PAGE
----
For just as the myths of the “dying gods” recorded by Frasier in The Golden Bough, and others, were reflections of the seeming “death” (actually dormancy) of the natural world in the Winter, only to be “reborn” in the Spring, so that very seasonal cycle is a reminder of what C.S. Lewis called the “true myth” of Christ’s death and resurrection:
“Now what Dyson and Tolkien showed me was this: that if I met the idea of sacrifice in a Pagan story I didn’t mind it at all: again, that if I met the idea of a god sacrificing himself to himself . . . I liked it very much and was mysteriously moved by it: again, that the idea of the dying and reviving god (Balder, Adonis, Bacchus) similarly moved me provided I met it anywhere except in the Gospels. The reason was that in Pagan stories I was prepared to feel the myth as profound and suggestive of meanings beyond my grasp even tho’ I could not say in cold prose ‘what it meant.’
“Now the story of Christ is simply a true myth: a myth working on us in the same way as the others, but with this tremendous difference — that it really happened.”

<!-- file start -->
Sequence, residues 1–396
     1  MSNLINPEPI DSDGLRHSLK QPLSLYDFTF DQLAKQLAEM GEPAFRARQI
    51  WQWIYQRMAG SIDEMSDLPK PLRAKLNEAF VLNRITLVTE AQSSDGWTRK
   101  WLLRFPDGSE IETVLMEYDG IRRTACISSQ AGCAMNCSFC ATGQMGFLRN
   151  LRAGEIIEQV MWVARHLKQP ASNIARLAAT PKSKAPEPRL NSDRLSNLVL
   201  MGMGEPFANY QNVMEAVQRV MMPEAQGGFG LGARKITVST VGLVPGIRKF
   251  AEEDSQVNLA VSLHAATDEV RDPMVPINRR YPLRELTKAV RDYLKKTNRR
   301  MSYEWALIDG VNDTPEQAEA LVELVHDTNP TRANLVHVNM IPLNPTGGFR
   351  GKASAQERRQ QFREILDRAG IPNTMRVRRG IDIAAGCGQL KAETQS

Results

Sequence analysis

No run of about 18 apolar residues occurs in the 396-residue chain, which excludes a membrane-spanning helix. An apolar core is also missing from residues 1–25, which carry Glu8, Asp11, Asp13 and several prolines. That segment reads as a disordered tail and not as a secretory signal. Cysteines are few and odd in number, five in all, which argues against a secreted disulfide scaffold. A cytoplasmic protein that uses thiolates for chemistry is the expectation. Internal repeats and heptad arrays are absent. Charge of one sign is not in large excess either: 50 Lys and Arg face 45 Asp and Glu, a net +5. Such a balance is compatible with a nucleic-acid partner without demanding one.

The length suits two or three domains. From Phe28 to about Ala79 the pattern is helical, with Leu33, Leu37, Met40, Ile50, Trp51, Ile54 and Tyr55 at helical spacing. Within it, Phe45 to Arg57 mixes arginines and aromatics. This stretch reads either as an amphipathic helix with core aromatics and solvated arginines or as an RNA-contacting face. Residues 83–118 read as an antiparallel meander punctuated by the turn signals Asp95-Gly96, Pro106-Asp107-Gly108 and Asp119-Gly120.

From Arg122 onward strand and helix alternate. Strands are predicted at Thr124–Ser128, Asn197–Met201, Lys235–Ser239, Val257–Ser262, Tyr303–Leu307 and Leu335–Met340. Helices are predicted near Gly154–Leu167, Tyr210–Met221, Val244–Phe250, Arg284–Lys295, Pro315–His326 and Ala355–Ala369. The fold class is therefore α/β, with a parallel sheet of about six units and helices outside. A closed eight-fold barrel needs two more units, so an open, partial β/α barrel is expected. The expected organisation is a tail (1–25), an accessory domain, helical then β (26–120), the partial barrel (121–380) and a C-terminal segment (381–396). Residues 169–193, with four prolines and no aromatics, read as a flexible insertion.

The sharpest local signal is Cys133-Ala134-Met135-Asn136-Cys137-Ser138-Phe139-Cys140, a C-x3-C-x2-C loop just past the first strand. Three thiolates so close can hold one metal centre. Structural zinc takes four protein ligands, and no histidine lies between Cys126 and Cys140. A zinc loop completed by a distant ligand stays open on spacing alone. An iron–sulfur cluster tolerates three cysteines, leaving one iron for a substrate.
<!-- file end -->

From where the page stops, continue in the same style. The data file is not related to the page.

“On All Saints’ Day, our parish holds a children’s festival, hugely attended, at which children and adults alike dress as their favorite saints… The party is such fun that we could almost dispense with Halloween, whose festivities, as we observe them, are minimal by comparison. But the cumulative iconography of being, first, a secular character confronting darkness, and then a saint in light, is imaginatively powerful and valuable.
“As our Hallowmas ends, the pageantry and excitement of Halloween and All Saints’ Day give way to the comparative quiet of the feast of All Souls. This final solemnity is a day without costumes. Having been denizens of the night and citizens of the household of God, the children step back into themselves to contemplate their own mortality and pray for our beloved dead. In three days they have enacted the story of their own eternal lives: from darkness to the hope of heaven and the joy of the saints who await them in glory. From mystery to mystery, it’s a drama I would not have them miss.”